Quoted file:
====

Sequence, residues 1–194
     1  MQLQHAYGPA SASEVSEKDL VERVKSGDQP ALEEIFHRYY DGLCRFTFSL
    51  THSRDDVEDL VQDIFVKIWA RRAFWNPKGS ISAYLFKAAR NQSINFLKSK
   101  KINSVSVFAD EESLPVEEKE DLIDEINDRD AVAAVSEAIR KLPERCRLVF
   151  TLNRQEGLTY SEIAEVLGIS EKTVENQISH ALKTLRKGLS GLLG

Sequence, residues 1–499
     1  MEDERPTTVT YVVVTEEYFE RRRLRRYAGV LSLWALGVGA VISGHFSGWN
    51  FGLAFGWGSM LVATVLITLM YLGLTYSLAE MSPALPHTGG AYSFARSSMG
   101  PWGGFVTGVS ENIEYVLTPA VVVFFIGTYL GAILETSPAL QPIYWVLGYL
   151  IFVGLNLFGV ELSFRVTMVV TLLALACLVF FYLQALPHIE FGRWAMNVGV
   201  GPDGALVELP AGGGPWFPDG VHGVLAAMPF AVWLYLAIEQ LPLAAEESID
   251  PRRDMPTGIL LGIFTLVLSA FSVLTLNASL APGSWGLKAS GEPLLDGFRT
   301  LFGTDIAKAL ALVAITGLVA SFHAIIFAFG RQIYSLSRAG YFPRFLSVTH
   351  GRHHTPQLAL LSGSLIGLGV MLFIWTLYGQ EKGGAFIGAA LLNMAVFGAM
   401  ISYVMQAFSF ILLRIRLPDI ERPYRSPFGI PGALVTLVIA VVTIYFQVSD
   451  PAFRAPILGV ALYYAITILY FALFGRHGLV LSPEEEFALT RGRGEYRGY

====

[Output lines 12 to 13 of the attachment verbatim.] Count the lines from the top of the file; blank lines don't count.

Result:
   251  PRRDMPTGIL LGIFTLVLSA FSVLTLNASL APGSWGLKAS GEPLLDGFRT
   301  LFGTDIAKAL ALVAITGLVA SFHAIIFAFG RQIYSLSRAG YFPRFLSVTH